Why do populations of relativistic (high energy) electrons emitting synchrotron radiation emit at mostly radio wavelengths? The fact that they are high energy makes me think they would emit high energy photons. As a particle moves in the magnetic field of say, an accretion disk, is it constantly emitting synchrotron radiation as it goes around?


1 Answer 1


Synchrotron radiation is emitted by charged particles (mostly electrons) executing helical motion, accelerated by the Lorentz force exerted by the vector product of their velocity and the magnetic field. The frequency of the radiation depends how fast the electrons orbit, which in turn depends on the magnetic field strength.

The acceleration thus depends on their velocity and the strength of the magnetic field. For non-relativistic electrons the frequencies that the electromagnetic radiation appears would simply be the orbital frequency and would be $$\omega = \frac{qB}{mc}\ ,$$ where $q$ and $m$ are the charge and mass of the electron and $B$ is the magnetic field strength.

For Relativistic electrons, this frequency becomes even smaller (by the Lorentz factor $\gamma$). If you work out what these frequencies are for the typical magnetic field strengths in galaxies then they are at very, very long radio wavelengths and at very small frequencies, well below the plasma frequency of the interstellar medium.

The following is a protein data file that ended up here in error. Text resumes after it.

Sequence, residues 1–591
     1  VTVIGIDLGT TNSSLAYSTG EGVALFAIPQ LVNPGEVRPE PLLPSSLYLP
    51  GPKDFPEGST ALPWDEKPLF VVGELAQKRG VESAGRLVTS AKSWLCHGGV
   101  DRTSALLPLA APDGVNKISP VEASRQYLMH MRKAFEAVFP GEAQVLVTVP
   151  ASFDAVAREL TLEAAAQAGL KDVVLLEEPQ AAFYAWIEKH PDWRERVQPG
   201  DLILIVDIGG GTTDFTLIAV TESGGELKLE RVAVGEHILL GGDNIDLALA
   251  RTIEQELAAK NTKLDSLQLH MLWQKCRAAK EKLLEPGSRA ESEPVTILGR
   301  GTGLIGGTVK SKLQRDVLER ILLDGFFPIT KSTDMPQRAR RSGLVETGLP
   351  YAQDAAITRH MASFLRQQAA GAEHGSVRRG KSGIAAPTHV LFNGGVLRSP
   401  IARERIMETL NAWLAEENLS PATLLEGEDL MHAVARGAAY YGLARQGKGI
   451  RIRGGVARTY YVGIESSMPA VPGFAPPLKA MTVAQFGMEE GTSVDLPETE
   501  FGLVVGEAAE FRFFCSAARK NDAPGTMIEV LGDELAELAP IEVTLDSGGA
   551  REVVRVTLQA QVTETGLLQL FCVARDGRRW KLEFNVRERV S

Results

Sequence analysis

However, there are two effects that boost the spectrum back up to MHz, GHz, or in the cases of some very strong magnetic fields (around pulsars for example), even optical frequencies. These are that radiation is Doppler shifted to higher frequencies when the electrons move towards the observer. Secondly, the radiation from a relativistic electron is beamed into a narrow cone in the forward direction, so that a distant observer would see a set of narrow, short pulses as the electron spirals around the field lines. The spectrum (Fourier transform) of this pulsed emission leads to power at much higher frequencies than the simple orbital frequency of the electron, but still not in the visible range unless the magnetic fields are very strong.

Similar arguments would apply to synchrotron radiation from relativistic charged particles in orbit around stellar sized black hole. In this case, the relevant orbital frequency is the actual orbital frequency around the black hole. It is highest at the innermost stable circular orbit of a Schwarzschild black hole but is only $2200 (M/M_\odot)^{-1}$ Hz (I.e. just hundreds of Hz for typical black holes). So the same argument applies here. It is only the Doppler beaming effects that even boosts these frequencies up to observable radio wavelengths.


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